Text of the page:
by Bruno

How to make your commit messages awesome and keep your team happy

Commit messages are important means of communication between team members

What matters most in team software development is communication. Commit messages are important means of communication between team members: its past and its future.

When analysing the code or debugging, we all have questions like:

  • Why is this if here?
  • Who forgot to update the branch?
  • What impact has this change had?
  • How can this change ever fix or improve the code?

To this end, git-blame allows us to discover which revision was the last to change the file. But just knowing that is not good enough. Would be helpful to actually read the commit message to understand what really happened there.

We need to read the message to experience the real value of a good commit message, and be motivated to write them.

Some best practices

So, if the majority of your Git commits so far have been created with something like git commit -m "9000 — Bug fixes issue" then next time try this guideline:

Never use the -m <msg&gt; / --message=<msg&gt; flag to git commit.

It gives you a poor mindset right off the bat as you will feel that you have to fit your commit message into the terminal command, and makes the commit feel more like a one-off argument than a page in history.

The first line should always be 50 characters or less and it should be followed by a blank line.

Write an imperative tense: “Fix bug”. [Add |Fix | Remove| Update| Refactor] Consistent wording makes it easier to mentally process a list of commits.

72-character wrapped longer description.

Often a subject by itself is sufficient. When it’s not, add a blank line (this is important) followed by one or more paragraphs hard wrapped to 72 characters.

Those paragraphs should explain:

Why is this change necessary?

This answer explains what to expect in the commit, allowing them to more easily identify and point out unrelated changes.

How does it address the issue?

Describe, at a high level, what was done to affect change. If your change is obvious, you may be able to omit addressing this question.

What side effects does this change have?

This is the most important question to answer, as it can point out problems where you are making too many changes in one commit or branch. One or two bullet points for related changes may be okay, but five or six are likely indicators of a commit that is doing too many things.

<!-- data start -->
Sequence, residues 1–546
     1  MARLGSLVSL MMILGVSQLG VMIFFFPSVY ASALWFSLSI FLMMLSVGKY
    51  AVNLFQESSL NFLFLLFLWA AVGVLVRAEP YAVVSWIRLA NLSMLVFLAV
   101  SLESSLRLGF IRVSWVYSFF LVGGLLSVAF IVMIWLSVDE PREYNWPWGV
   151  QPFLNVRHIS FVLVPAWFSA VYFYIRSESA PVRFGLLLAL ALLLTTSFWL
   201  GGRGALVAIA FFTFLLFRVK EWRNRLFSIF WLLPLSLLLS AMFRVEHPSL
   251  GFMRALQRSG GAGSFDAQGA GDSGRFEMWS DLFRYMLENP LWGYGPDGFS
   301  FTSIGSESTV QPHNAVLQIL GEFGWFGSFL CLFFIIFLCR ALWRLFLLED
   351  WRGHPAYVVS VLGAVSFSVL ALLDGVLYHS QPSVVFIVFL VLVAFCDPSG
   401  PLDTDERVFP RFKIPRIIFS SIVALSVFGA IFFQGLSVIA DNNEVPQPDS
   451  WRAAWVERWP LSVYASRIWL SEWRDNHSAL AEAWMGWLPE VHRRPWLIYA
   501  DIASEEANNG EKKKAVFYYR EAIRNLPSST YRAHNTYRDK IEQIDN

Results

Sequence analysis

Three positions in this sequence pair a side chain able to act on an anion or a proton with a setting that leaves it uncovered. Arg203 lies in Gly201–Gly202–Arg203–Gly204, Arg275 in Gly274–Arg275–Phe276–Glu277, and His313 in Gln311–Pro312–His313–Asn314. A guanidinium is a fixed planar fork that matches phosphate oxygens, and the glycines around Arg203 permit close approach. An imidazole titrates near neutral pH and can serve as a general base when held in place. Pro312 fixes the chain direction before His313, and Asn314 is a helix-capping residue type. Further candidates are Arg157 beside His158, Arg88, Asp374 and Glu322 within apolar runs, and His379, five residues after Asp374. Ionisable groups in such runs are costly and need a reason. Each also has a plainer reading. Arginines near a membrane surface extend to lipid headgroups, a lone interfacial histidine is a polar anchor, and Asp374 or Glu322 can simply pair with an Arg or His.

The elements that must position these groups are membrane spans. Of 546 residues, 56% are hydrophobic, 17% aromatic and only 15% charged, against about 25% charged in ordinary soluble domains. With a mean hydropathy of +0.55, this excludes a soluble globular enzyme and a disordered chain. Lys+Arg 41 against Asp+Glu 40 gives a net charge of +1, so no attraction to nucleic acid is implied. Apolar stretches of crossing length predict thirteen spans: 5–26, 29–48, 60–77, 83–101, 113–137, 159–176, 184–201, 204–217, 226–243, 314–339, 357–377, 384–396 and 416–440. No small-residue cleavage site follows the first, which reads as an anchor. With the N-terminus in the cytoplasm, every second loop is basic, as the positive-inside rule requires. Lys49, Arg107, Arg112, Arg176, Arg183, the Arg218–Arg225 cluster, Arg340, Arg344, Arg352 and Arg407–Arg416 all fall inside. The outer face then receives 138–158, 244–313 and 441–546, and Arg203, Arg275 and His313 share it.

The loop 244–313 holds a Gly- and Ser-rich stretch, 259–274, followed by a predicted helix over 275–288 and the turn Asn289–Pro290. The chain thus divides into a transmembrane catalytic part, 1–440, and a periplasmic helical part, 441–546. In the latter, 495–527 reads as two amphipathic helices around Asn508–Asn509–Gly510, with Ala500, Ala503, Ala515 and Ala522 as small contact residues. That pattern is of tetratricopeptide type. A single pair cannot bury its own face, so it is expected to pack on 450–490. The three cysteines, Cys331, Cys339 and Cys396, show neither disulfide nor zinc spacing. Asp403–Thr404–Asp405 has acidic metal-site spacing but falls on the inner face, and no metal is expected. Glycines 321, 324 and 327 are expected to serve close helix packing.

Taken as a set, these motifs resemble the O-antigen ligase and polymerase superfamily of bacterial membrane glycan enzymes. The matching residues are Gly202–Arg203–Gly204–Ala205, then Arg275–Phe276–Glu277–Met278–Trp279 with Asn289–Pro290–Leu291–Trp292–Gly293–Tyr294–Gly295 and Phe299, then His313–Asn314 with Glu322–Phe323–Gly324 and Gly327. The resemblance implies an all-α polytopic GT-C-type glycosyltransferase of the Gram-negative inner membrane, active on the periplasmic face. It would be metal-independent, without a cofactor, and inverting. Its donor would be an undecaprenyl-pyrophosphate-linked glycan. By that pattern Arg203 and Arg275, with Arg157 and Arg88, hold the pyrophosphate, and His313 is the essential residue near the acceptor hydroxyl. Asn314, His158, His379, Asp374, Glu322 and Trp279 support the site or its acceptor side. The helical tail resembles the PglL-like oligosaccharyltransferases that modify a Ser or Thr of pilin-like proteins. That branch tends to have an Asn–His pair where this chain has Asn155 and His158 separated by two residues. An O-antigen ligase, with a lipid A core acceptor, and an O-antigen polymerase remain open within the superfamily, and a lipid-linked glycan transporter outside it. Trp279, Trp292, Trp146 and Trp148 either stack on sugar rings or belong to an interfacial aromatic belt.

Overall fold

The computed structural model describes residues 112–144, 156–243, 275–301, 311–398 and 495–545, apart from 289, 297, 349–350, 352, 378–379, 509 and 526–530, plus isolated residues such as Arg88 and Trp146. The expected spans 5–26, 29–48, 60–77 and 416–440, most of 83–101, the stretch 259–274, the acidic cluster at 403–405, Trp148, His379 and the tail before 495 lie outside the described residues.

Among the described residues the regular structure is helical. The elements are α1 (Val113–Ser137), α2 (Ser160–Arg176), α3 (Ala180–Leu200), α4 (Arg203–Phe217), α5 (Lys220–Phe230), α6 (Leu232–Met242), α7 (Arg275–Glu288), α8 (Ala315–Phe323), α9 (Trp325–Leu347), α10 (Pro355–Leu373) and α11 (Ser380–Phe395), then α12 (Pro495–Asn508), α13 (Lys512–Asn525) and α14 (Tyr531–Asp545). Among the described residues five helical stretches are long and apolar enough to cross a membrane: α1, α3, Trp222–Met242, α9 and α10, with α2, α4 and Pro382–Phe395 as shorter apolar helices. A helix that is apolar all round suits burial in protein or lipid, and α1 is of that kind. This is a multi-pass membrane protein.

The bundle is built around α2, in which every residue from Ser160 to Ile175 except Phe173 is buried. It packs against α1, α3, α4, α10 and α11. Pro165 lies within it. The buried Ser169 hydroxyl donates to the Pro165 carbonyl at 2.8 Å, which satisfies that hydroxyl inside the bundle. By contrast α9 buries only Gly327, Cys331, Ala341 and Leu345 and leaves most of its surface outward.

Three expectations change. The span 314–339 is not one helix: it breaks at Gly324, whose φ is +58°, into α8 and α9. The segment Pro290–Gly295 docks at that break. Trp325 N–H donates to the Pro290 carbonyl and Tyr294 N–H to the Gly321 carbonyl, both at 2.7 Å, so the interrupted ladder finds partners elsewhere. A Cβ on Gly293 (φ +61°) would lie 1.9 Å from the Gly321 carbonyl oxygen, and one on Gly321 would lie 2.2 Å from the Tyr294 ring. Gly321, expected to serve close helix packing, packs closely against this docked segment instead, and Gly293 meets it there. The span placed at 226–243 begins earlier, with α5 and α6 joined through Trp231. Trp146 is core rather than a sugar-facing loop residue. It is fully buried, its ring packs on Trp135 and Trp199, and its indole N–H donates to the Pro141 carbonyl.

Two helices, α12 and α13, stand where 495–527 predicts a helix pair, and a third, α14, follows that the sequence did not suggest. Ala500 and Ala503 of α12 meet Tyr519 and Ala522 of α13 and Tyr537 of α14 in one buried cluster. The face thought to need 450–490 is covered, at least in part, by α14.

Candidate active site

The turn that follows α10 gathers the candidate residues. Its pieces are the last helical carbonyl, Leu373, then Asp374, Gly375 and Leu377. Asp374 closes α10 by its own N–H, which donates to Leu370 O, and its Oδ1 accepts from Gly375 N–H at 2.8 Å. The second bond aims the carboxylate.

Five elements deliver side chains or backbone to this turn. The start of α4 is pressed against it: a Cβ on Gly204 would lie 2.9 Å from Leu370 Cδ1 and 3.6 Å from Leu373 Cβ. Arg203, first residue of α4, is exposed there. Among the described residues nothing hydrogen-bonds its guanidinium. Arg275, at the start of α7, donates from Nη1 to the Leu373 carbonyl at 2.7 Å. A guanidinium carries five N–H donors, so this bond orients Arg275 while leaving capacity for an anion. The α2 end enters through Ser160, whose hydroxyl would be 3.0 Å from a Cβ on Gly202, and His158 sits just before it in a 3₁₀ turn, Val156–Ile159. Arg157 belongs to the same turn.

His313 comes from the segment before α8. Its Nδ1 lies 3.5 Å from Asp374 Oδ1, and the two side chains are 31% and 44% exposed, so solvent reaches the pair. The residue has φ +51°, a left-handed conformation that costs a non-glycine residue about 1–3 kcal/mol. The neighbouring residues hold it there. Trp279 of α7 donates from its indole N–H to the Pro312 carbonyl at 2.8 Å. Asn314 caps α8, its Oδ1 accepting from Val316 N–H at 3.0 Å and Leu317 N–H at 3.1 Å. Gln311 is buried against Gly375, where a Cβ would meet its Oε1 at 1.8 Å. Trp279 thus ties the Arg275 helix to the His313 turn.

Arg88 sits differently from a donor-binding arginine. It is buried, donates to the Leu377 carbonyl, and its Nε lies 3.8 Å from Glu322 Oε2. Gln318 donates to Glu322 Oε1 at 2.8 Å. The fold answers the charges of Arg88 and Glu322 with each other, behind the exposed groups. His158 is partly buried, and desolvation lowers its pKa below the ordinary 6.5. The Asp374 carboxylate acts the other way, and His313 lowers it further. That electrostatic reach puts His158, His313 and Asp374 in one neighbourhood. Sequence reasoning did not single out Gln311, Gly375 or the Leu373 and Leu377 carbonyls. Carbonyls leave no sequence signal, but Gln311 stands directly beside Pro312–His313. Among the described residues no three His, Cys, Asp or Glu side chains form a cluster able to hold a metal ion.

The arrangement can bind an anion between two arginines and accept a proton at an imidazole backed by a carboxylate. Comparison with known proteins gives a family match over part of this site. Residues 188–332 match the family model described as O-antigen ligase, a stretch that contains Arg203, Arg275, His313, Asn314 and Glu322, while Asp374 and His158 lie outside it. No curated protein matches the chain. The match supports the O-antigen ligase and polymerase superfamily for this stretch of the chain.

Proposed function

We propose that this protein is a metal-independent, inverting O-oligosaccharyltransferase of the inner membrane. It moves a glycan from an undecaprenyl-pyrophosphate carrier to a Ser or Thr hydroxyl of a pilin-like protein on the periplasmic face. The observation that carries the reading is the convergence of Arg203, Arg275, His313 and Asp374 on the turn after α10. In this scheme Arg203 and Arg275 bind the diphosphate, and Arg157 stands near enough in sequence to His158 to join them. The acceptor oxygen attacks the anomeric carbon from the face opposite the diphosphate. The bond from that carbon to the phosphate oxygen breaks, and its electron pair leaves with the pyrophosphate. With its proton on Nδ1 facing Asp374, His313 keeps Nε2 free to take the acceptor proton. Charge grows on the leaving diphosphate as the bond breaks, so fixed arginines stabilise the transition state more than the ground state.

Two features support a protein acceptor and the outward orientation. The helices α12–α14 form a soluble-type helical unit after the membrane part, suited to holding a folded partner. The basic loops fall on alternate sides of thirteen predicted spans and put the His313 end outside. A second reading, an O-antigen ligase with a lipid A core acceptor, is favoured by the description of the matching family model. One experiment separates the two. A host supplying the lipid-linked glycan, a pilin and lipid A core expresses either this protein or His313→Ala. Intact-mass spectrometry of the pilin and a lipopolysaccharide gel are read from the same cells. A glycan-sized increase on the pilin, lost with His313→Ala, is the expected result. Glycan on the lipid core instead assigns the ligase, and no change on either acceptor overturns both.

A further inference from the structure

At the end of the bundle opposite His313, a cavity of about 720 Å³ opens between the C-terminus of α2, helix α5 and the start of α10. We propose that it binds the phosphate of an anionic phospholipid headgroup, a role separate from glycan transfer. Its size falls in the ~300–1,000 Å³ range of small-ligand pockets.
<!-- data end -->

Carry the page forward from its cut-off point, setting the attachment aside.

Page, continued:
# 50-character subject line## 72-character wrapped longer description. This should answer:## * Why was this change necessary?# * How does it address the problem?# * Are there any side effects?## Include a link to the ticket, if any.

How to make your life easier

It’s a lot to remember, but you can set up a commit message template by using the commit.template

Configure Git to use a template file (for example, .gitmessage), then create the template file with Vim:

git config --global commit.template ~/.gitmessagevim ~/.gitmessage

When we run git commit without the -m message flag, the editor will open our helpful template ready to go:

# [Add/Fix/Remove/Update/Refactor/Document] [summary]# Why is it necessary? (Bug fix, feature, improvements?)-# How does the change address the issue? -# What side effects does this change have?-# Include a link to the ticket, if any.

Commented lines are not included in the final message. Simply fill in the blank lines with text and bullet points under the prompts.

Issue trackers in GitHub and Bitbucket both recognise the keywords close, fix, and resolve followed immediately by the issue or pull request number.

I think Linus would be very happy if we didn’t use git commit -m "Fix bug" in a public repository ever again :)

You can simple search in git log for a issue number, for example, with git log --grep=JIRA-1234

You can also use plugins like vim-fugitive for vim or git lens for vs code to quickly access to git commit messages.

Closing thoughts

Creating clean Git commits says a lot about you and may be a primary way that people interact with you over projects.

With a little practice, you can make your commit habits an even better reflection of your best work — work that is evidently created with care and pride.

Your future you, and your team, will thank you for your forethought and verbosity when they run git blame to see why that conditional is there.

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